As shown, the rules utilized for applying policies to the computer may take the form of a rule tree 500 with a plurality of decision points 502 which apply the policies to each computer based on the information, at assignment points 504 (per operation 306 of FIG. 3, for example). The decision points 502 may determine a geography associated with the computer, an operating system associated with the computer, a type of the computer, a business unit associated with the computer and/or any other factors that may be relevant to applying policies to the computer.

In use, the rule tree 500 is traversed by making decisions at the decision points 502 according to information associated with the computer. The computer then follows specific branches of the rule tree 500 based on the decisions made at the decision points 502. Decisions at decision points 502 are continuously made until one of the assignment points 504 is reached.

Once the computer reaches one of the assignment points 504, a single set of policies are assigned to the computer according to the specific assignment point 504, and the computer may then be released to the general population of computers. A single set of policies associated with each assignment point 504 can include any number of policies, and the policies may include any number of types of policies relevant to security, administrator rights, computer settings, notifications and/or tasks, for example.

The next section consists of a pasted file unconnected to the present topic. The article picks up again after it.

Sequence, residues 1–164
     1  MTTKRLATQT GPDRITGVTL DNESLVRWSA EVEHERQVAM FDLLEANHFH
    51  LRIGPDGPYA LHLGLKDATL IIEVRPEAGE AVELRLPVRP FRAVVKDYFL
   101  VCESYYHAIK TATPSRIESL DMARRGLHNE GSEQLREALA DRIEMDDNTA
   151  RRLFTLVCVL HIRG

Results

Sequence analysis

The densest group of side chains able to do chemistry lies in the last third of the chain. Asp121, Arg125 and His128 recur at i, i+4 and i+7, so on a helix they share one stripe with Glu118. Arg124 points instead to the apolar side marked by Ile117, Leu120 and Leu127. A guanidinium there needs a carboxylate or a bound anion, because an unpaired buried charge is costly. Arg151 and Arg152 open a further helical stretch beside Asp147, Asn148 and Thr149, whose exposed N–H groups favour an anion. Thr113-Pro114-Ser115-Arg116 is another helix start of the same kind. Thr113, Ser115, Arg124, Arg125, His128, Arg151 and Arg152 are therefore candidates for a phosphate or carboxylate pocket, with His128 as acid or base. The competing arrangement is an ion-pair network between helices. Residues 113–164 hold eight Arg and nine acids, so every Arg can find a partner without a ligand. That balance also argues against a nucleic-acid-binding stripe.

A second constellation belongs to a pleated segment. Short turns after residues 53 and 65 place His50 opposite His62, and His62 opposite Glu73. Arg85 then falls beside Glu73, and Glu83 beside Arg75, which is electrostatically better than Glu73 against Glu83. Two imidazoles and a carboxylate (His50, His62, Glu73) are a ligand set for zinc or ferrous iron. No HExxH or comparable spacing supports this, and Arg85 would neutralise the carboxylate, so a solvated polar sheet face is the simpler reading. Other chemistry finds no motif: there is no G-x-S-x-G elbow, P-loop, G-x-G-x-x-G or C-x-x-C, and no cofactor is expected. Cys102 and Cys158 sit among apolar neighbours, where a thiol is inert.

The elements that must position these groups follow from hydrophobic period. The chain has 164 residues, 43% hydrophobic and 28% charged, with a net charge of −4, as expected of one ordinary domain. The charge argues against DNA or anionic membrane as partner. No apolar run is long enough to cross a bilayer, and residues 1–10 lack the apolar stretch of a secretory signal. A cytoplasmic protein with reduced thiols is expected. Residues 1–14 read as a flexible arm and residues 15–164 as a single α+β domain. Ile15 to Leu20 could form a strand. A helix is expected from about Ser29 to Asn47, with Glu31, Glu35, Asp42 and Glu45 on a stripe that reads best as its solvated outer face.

An exemplary policy set associated with the assignment points 504 illustrated in FIG. 5, is set forth in Table 1. It should be strongly noted that the contents of Table 1 are set forth for illustrative purposes only, and should not be construed as limiting in any manner whatsoever.

TABLE 1
COMPUTER
TYPE/ COMPUTER
POLICY SET GEOGRAPHY FACTORY/OS TYPE
AdministratorPolicy1 America Type = Client n/a
SecurityPolicy1
SettingPolicy1
AdministratorPolicy2 America Type = Server n/a
SecurityPolicy2
SettingPolicy2
AdministratorPolicy3 Asia Factory = SH1 n/a
SecurityPolicy3
SettingPolicy3
AdministratorPolicy4 Asia Factory = GZ1 n/a
SecurityPolicy4
SettingPolicy4
AdministratorPolicy5 Europe OS = Win9x Workstation
SecurityPolicy5
SettingPolicy5
AdministratorPolicy6 Europe OS = Win9x Laptop
SecurityPolicy6
SettingPolicy6